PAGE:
Our last Ready Player One-centered news item was also the first, that being a June 2010 announcement which told us Warner Bros. was snatching up the rights to Ernie Cline‘s sci-fi novel. Now, I don’t know about anyone else, but that development completely dropped off my radar. But here we are some nineteen months later, telling you that the project is still alive at the studio; they just need a rewrite.
Variety reports that A Better Life scribe Eric Eason has been hired to rework the author’s own screenplay, a job he earned by creating character-driven stories and lending an “interesting perspective” to “such a big, concept-driven film.” Cline‘s novel sounds like it has the makings of that, too; it centers on “an avid gamer who prefers to log into an idyllic virtual world called Oasis in order to escape the his bleak life.” After the creator dies — but puts his savings up as the reward of a new game — he must “fend off rival players and sinister corporations who will stop at nothing — in both the real and virtual worlds — to win the grand prize.”
Comparisons to The Matrix, Avatar, and Willy Wonka have been raised since the book started generating buzz, but virtual worlds and dastardly corporations means that all I can really think of is Tron. But I wouldn’t want to dock points from it this early on, and — thank God — the strong reviews have indicated that Ready Player One isn’t just nostalgia porn for geeks. And someone like myself — that is, a mild sci-fi fan who can really get behind the good offerings of the genre — would be up for a well-executed, entertaining adaptation of this story. With that feeling in place, I’m rooting for Eason to pull this one off.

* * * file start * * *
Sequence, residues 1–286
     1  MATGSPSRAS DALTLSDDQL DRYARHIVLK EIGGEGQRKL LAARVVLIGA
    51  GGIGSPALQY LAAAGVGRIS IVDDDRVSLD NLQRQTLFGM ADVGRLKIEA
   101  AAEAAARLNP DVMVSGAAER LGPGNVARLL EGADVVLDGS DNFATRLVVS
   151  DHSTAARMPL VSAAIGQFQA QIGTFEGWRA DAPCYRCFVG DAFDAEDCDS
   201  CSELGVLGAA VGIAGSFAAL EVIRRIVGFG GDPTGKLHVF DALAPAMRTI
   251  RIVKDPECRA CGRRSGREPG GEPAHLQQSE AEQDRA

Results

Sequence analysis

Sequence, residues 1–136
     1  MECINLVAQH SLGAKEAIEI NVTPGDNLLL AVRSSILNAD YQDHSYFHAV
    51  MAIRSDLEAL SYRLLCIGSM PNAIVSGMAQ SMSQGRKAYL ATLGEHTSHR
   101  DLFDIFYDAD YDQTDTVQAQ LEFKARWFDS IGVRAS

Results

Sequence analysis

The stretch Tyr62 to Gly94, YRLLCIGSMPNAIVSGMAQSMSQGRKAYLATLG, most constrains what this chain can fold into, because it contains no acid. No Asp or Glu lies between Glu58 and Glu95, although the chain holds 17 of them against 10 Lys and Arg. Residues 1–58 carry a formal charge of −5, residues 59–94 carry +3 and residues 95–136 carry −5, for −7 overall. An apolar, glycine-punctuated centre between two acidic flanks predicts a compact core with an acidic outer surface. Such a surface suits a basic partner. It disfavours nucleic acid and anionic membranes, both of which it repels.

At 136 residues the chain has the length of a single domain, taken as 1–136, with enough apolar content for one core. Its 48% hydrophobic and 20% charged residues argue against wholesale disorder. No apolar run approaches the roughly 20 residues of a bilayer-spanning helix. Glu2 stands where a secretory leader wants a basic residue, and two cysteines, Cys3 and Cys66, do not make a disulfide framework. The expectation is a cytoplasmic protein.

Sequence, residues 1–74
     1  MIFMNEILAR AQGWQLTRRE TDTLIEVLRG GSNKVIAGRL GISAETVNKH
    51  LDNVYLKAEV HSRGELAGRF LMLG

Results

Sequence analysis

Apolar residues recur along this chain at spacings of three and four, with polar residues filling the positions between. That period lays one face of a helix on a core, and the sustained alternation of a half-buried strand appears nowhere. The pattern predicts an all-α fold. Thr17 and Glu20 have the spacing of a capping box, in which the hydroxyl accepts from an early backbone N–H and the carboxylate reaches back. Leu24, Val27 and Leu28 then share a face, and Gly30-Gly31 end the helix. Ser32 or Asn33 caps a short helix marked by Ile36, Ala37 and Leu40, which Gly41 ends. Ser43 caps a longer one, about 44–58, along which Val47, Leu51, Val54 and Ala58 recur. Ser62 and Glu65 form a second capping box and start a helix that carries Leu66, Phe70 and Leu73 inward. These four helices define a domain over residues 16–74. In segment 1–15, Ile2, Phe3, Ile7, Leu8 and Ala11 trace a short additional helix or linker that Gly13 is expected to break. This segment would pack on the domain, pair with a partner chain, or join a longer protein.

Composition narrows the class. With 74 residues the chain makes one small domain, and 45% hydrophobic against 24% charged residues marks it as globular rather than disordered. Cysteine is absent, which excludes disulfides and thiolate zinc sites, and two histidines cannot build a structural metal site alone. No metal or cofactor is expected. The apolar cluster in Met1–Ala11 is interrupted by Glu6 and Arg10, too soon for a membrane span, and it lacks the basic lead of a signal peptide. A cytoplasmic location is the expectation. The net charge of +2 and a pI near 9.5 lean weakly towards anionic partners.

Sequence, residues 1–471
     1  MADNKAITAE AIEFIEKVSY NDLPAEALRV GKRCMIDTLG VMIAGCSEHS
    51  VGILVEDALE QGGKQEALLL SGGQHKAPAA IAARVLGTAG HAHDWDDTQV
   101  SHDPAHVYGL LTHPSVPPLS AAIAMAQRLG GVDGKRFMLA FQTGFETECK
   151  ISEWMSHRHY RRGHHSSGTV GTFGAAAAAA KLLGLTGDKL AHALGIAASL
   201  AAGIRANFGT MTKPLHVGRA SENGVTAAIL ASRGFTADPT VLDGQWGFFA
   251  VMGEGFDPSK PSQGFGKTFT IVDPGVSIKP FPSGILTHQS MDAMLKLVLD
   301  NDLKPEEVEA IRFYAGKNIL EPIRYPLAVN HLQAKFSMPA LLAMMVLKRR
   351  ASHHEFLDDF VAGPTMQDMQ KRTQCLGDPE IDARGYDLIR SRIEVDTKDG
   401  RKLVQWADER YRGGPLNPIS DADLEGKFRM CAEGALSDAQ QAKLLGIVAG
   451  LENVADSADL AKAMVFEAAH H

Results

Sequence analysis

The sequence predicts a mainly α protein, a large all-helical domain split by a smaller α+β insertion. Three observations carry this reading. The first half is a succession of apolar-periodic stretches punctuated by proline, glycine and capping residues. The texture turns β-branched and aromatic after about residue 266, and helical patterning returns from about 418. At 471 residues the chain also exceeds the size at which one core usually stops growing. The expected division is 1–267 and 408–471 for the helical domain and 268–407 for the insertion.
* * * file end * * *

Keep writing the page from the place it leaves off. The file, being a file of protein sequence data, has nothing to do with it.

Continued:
Have you read the original book? Does it have the right ingredients for a strong film?
Welcome to the latest episode of our official podcast, The Film Stage Show. This week, Danny King, Amanda Waltz, and I discuss Don Hertzfeldt’s new short film World of Tomorrow, which will be released on March 31st on VOD. Then we dive into a feature review of David Robert Mitchell‘s horror film It Follows, which is now […]
Since any New York City cinephile has a nearly suffocating wealth of theatrical options, we figured it’d be best to compile some of the more worthwhile repertory showings into one handy list. Displayed below are a few of the city’s most reliable theaters and links to screenings of their weekend offerings — films you’re not […]
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